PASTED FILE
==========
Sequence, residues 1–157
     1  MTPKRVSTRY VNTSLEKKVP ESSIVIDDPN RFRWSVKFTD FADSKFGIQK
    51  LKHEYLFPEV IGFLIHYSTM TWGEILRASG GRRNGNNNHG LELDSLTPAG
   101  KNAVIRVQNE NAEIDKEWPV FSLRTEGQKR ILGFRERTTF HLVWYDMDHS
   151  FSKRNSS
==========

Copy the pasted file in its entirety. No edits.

Sequence, residues 1–157
     1  MTPKRVSTRY VNTSLEKKVP ESSIVIDDPN RFRWSVKFTD FADSKFGIQK
    51  LKHEYLFPEV IGFLIHYSTM TWGEILRASG GRRNGNNNHG LELDSLTPAG
   101  KNAVIRVQNE NAEIDKEWPV FSLRTEGQKR ILGFRERTTF HLVWYDMDHS
   151  FSKRNSS